Renovation Works 2015 – 2019

Swafield Hall North facade before renovation

Swafield Hall before renovation, June 23, 2014.

Swafield Hall (North facade) in spring 2016 after the renovation.

In January 2014 Tim and Boris  returned to London from Moscow were they’d been working for 5 years. Timothy worked in the IT business as EMEA Marketing VP and Boris was the managing director and editor in chief of Metro Moscow, at the time the largest daily newspaper in Russia. In 2014 Boris quit his job in the media business in Russia, which was becoming more and more controlled by the government. In the UK the couple started looking for a country house. When on May 31 they saw Swafield Hall for the first time, both said «definitely NO» to the property. But both actually were impressed by the beautiful South elevation and saw a lot of potential.

Photo of the North side of Swafield Hal roof, May 31, 2014.

The Secret Arabian Garden, overgrown with weeds, May 31, 2014.

Swafield Hall wasn’t in its best condition at that time. It had been on the market for a long time and nobody had lived there for 3 years. The roof was leaking, the walls were cracked, the chimneys were dilapidated and many windows, doors and wooden constructions were rotten. The gardens were there, but sadly full of weeds. And yet,  it was a great looking house with more than 4 centuries of history. Despite the first rather negative impression, Tim and Boris returned to Swafield Hall several times, and finally decided to buy the Hall, to renovate it and restore it to its previous glory.

In cold rainy November 2014, the happy new owners finally moved into Swafield Hall, where they discovered that the boiler was broken, the roof was leaking much more than expected, and the main water supply was cut off. It was a “what have we done…” moment.

Checking the condition of the chimneys and leaking roof,  December 2014

South facade of Swafield Hall (East wing gable) before the renovation – 2014.

The first change at Swafield Hall estate was a marble replica of the Apollo Belvedere statue, by the hornbeam circus at the end of serpentine hedges (Apollo Promenade now). The Apollo Belvedere is a celebrated marbles sculpture from Classical Antiquity. It was rediscovered in central Italy in the late 15th century during the Italian Renaissance and was placed in the Vatican Palace in 1511, where it remains. Nearly forgotten now, for four hundred years after it was rediscovered, the Apollo was the most admired piece of sculpture and epitomised the ideals of aesthetic perfection for Europeans and westernised parts of the world. It was Napoleon’s biggest boast to have looted it from the Vatican after his 1796 Italian Campaign. Since 1798 the Apollo was part of the Louvre collection, but after 1815 it was returned to the Vatican.
Marble or bronze copies of the Apollo Belvedere can be seen in many parks in the Tsars’ summer residences near Saint-Petersburg, where Boris was brought up. English landscape design had a big influence on Russian parks in the 18th and 19th centuries and the gardens at Swafield Hall remind Boris of his homeland. The hand carved statue of Apollo Belvedere was ordered for Swafield Hall’s garden in a marble factory and installed at the end of Apollo Promenade in March 2015.
At the same time the full lead crystal chandelier, ordered from Spain, was installed in the main stairway.

A colonnade with Apollo Belvedere statue in the Pavlovsk Park, a late 18th-century Russian Imperial residence built by Tsar Paul I
Apollo Belvedere statue surrounded by the hornbeam circus at the end of the Serpentine hedges (Apollo Promenade), Swafield Hall

Renovation work at Swafield Hall began in May 2015 under the direction of Mark Middleton, a highly skilled and creative builder from Great Yarmouth who specialised in period properties. The owners lived in the Hall, moving from one bedroom to another – even when the roof was completely open, when the heating and plumbing system was turned off, a temporary gas boiler was installed in the courtyard, and hot water flowed from it to the Master bathroom through a garden hose coming through the window.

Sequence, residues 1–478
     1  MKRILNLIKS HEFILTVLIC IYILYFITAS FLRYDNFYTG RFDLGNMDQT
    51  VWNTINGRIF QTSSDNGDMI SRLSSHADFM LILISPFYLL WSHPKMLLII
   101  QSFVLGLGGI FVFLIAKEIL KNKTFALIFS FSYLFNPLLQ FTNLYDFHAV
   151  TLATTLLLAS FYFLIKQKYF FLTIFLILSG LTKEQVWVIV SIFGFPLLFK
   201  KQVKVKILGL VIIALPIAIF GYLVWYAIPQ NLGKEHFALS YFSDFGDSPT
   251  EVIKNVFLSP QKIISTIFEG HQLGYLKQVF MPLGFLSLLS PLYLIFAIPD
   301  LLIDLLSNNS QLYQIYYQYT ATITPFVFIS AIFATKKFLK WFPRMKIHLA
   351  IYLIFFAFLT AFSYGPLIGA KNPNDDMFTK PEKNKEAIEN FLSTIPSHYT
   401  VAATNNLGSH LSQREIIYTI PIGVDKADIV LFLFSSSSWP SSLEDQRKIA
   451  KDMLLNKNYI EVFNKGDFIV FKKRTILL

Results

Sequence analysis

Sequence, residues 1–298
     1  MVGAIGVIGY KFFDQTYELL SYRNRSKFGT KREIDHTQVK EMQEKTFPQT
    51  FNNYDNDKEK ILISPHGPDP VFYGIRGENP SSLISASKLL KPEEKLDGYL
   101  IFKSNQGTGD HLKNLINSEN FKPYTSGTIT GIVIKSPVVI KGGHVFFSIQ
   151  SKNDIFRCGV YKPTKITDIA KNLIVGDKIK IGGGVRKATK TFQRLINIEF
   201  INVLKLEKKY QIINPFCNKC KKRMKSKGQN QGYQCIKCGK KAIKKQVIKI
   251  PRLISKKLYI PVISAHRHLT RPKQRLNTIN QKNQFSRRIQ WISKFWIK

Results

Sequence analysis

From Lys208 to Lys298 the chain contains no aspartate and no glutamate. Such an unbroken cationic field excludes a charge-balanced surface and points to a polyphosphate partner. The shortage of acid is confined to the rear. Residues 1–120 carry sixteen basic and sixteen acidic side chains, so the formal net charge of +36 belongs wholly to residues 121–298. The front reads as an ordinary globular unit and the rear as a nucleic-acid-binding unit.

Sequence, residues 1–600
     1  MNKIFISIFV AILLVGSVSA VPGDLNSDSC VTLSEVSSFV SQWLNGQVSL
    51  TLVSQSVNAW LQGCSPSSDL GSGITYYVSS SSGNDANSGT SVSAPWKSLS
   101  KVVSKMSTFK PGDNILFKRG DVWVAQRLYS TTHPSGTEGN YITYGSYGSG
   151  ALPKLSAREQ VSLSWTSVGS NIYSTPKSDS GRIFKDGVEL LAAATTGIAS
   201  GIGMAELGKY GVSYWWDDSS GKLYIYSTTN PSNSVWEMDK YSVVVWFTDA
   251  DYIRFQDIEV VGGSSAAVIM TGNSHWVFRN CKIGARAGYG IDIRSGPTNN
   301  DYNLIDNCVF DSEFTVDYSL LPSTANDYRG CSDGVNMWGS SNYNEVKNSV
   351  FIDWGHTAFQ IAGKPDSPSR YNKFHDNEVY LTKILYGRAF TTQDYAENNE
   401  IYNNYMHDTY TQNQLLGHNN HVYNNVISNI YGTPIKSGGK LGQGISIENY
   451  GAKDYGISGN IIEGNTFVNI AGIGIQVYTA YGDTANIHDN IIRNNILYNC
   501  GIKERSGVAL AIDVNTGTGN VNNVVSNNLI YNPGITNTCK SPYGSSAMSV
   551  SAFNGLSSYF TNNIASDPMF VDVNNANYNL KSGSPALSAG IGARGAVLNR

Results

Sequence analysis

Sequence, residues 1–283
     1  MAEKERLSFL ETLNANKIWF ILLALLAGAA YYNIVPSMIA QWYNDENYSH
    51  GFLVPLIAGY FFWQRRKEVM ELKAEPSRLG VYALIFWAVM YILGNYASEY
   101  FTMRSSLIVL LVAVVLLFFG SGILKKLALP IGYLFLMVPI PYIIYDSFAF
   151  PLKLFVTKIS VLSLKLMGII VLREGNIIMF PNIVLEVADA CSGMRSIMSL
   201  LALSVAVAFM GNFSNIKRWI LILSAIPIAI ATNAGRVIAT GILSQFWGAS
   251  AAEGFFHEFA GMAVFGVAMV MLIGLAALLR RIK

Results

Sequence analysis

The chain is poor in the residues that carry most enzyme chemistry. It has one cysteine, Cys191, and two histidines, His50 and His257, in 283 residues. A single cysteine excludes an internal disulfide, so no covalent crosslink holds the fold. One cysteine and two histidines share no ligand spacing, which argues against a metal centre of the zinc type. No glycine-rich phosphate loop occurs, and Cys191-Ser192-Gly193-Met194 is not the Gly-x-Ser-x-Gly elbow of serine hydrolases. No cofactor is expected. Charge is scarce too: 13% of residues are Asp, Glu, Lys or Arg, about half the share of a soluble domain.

Mark Middleton (at the top of the ladder) repairs the porch.

One of the temporary sleeping places for the owners of Swafield Hall during the renovation.

Two self-catering apartments on the top floor were opened for the first guests in the spring of 2016.

Swafield Hall exterior

In summer 2015, the fist task was to repair the dilapidated chimneys and the leaky roof of the house.

The brick and flint walls on the North facade and West gable had to be cleaned and repointed. Lost pieces of bricks from C17 pilasters, terminated at plain tiled drip course, were carefully restored using the reclaimed bricks from the same period and with the same colour.

Pointing, made in C20 with dark gray cement, was replaced by lime.

Ugly looking C20 drainpipes were removed from the North facade.

The dilapidated chimney, 2014
North facade before the renovation, 2014

Most of the windows in the house were in poor condition, some of the large windows, like the window under segmental head in the large central early C19 Main staircase block, were simply unsafe. The old rotten windows had to be replaced with new ones manufactured to match those in old historical photos of Swafield Hall.

South facade in scaffolding, June 2015

West gable in scaffolding, June 2015

The unsympathetic looking dormers (South facade) were replaced with the design seen in photos taken from the 1880s.

The new window in the West flint gable (South wing lounge/bedroom) was made to match a 1950s picture and we replaced the rotten 1970s style window.

Two small inappropriate 1970s windows in the ground floor (North facade)  have been replaced by a large sash window similar to the adjacent old window.

Hallway and the Main staircase

Georgian Interiors are well known for their elegant proportions alongside carefully balanced colours. Introduced in the late 18th century this strong yellow colour (like India Yellow by Farrow and Ball) was originally used in some of the most impressive interiors of Swafield Hall, particularly in the 17 metre long vaulted Ground Floor Hallway and the Enrance Hall with the open oak staircase.

Before the renovation:  The Hall with brown Indian stone on the floor, affected by damp, and the Main Staircase (2014)

The Hall and the Main Staircase after the renovation (2017), with marble flooring.